Monday, February 3, 2014

//MZK SPCL: A Few Notes Regarding Skream's 'Outside The Box'

It's the last thing I should be talking about- Skream's Outside The Box, a rogue album with a confusing title is still something I can't really wrap my head around completely, which most people around the world apparently have as of 2010. My inability to fathom the critical response towards most of Skream's work constantly leads me to listen to his work- to pledge through his catalog more than any other Dubstep artist of that generation (sorry Benga and Benny Ill). It always seemed to me that the wrong side of Skream's music got the attention- I think 'Midnight Request Line' has the corniest sounding synths I've ever heard on anything that was supposed to be cutting edge electronic music- and I've listened to a shitload of Brian Eno, mind you. That being said, a bunch of tracks off Outside The Box do in some way or other hint towards the title of this album- it's just not the ones that most others agree are.


Upon reading 'Deviant Staff's' review of the album on Sputnik Music, I came to understand how misunderstood Skream's music tends to be. As an extension of Dance music- Jungle and Drum'n'Bass tends to be a more Reggaefied and meditative approach to a dark sound made even darker and hyperkenetic. As an extension of Drum'n'bass, UK Garage brings the bass to a slower but, still, moving audience- something more familiar to those that understand the evolution of house music more than Drum'n'Bass. Then, as an extension of Garage comes Dubstep- something that brings the love of the harsh undertones of Drum'n'Bass but this time with a more understanding of the uniqueness of something like UK Garage. Then as an extension of all this is Skream- whom, probably being at the threshold of Internet nativity, knows his music history very well. Listening to Outside The Box isn't really as much of him working outside the box as much as acknowledging everything deep within it. The only time he tends to delve far out is when he shows understanding of more 90s Geekified Bleep/I.D.M./Chiptune sounds present in tracks such as 'C.P.U.', 'How Real' and 'Reflections'. It makes sense to say that this is what Skream thinks is sitting outside his box.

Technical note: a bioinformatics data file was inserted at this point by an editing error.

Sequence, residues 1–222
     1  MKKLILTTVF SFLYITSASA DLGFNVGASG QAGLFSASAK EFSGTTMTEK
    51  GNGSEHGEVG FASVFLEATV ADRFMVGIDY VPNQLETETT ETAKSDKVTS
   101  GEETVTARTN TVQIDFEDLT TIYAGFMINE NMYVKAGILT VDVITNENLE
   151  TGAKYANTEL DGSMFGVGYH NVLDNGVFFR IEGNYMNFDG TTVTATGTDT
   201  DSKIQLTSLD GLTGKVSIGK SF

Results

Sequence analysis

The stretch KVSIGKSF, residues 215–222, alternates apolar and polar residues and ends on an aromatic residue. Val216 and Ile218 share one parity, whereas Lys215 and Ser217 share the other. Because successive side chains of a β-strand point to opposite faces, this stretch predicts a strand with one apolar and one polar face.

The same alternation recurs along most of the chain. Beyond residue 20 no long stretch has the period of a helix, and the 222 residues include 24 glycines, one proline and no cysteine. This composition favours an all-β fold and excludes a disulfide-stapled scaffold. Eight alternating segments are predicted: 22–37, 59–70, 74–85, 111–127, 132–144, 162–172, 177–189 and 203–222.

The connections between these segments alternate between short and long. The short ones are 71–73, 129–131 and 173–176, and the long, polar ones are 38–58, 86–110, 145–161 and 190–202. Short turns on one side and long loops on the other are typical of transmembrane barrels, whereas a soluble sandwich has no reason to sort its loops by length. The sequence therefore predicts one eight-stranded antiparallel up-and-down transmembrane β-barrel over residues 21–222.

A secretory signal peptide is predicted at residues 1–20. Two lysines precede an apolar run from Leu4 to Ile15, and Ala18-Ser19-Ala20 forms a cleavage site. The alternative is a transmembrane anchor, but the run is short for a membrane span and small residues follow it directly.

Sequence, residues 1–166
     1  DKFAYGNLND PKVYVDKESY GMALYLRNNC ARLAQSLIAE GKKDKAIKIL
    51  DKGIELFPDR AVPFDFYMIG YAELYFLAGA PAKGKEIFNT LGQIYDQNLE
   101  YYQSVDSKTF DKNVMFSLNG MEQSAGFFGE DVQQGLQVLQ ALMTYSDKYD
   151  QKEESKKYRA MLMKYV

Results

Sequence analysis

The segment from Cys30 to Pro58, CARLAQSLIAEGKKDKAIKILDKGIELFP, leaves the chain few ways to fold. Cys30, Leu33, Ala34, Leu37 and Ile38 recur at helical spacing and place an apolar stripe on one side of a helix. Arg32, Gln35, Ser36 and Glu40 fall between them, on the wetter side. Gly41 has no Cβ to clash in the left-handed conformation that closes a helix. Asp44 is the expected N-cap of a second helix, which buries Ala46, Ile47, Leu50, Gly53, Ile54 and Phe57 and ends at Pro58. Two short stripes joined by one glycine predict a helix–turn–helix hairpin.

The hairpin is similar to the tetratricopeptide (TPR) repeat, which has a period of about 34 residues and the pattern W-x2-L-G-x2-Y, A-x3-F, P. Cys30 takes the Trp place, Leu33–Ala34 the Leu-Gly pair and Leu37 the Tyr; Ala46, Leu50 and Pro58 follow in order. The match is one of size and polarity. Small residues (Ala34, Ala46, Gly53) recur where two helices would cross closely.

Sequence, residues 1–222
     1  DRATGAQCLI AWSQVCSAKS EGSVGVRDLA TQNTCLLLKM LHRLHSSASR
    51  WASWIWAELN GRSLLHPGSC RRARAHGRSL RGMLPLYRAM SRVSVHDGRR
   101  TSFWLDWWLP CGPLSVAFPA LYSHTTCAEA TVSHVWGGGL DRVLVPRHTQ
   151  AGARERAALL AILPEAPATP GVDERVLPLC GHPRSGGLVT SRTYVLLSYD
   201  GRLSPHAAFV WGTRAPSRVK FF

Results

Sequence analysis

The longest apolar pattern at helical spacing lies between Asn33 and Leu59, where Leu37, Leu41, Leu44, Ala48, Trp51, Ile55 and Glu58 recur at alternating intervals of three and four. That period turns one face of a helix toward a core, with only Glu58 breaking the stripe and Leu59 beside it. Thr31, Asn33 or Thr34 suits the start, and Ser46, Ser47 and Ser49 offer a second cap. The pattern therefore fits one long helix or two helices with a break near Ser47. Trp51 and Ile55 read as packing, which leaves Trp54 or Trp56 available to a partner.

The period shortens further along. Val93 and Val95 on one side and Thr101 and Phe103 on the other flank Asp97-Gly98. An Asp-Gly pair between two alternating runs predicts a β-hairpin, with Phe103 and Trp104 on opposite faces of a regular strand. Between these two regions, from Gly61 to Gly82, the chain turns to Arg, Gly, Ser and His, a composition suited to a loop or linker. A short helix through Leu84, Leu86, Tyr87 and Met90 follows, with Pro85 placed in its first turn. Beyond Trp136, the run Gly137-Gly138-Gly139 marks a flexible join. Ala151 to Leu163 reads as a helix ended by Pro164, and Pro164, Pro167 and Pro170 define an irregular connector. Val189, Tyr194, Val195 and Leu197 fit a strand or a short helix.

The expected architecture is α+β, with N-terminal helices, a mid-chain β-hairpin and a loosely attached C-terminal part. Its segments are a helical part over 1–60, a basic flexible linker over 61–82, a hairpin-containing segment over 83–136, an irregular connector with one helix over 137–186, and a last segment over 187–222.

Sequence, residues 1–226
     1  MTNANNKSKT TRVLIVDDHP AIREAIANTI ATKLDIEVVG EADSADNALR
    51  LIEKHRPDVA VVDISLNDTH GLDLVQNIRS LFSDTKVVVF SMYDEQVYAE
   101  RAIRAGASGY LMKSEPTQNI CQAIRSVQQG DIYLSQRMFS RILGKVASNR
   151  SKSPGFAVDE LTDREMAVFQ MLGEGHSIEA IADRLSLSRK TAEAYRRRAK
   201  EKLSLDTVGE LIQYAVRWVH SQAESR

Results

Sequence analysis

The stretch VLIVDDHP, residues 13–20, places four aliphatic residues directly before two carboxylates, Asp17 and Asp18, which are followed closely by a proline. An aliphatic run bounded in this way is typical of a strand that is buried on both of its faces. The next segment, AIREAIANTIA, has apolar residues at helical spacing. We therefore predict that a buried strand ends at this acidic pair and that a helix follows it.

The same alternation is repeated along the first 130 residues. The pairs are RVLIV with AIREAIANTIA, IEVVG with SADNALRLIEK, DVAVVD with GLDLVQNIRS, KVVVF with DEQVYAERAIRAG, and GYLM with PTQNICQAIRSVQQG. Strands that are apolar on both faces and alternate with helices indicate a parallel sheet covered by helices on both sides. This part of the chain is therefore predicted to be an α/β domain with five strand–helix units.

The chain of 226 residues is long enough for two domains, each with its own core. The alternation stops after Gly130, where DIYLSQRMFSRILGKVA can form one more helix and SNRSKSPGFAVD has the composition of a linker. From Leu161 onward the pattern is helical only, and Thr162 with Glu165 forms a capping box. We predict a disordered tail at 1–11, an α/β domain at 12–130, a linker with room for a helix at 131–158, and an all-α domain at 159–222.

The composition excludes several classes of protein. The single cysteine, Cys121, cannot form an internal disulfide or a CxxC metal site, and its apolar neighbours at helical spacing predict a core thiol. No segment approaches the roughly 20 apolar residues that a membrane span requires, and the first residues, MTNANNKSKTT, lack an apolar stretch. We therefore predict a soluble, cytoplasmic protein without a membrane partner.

Sputnik Music's review might indicate that they generally just seen Skream as a person who makes Dubstep and, as a result, just a person that knows Dubstep through Dubstep- not everything else that preceded it by 20 years. So I headed over to my inner-hipester-haven Pitchfork to witness big words and encyclopedic knowledge (as far as pop-culture is concerned) being put to use. What did I find? Well, more or less, the same thing. This is also an outgoing trend- the tracks that I usually find to be the most interesting in terms of blend and direction tend to be the most disliked. So, for the record, I have to note the following:

-'Finally' (Feat. La Roux) doesn't have to live up to the 'In for the kill remix'. It goes towards a separate, trancier and even-more-minimal direction. I do agree that her voice is kind of hard to work with, though. He pulls off a good job though.

-'How Real' (feat. Freckles) does the best job at expressing the tone of what the whole album has been trying to achieve. A different mix of surreal, slightly playful but deeply dark elements to bring a slowly hazed dance track.

-'Wibbler' is the Dubstep equivalent of 'Hocus Pocus' being on Chase and Status' No More Idols album. It's there just to let people know that Skream hasn't lost his edge and, if he wanted to, can still bring wobbly bass-Damage to the dance floor. Though it does remind me a bit too much of 'Simple City'- which is a good thing for me but a bad thing to who want to forget Skream comes deep from the L.F.O. scene.

-'8 Bit Baby' (Feat. Murs) ...well, this one is hard to defend but the bass-drowned out minimalist sound mixed in with the fluttering 8 bit sounds bring a good deal of goofiness to a, rather, nervous album. I just don't understand how high up the list this track was. Murs might have been a big deal in 2010 or maybe Skream was trying to tell us to take this album as seriously as we can take Murs' nonsensical rhymes.

All in all, Outside The Box does fall short but not for the reason everyone else says so. There's some good things in here but most people whom aren't very familiar with UK Bass/Electronic music tend to focus too much on the building repetitiveness and not on the unfolding energy seeping through the sound itself.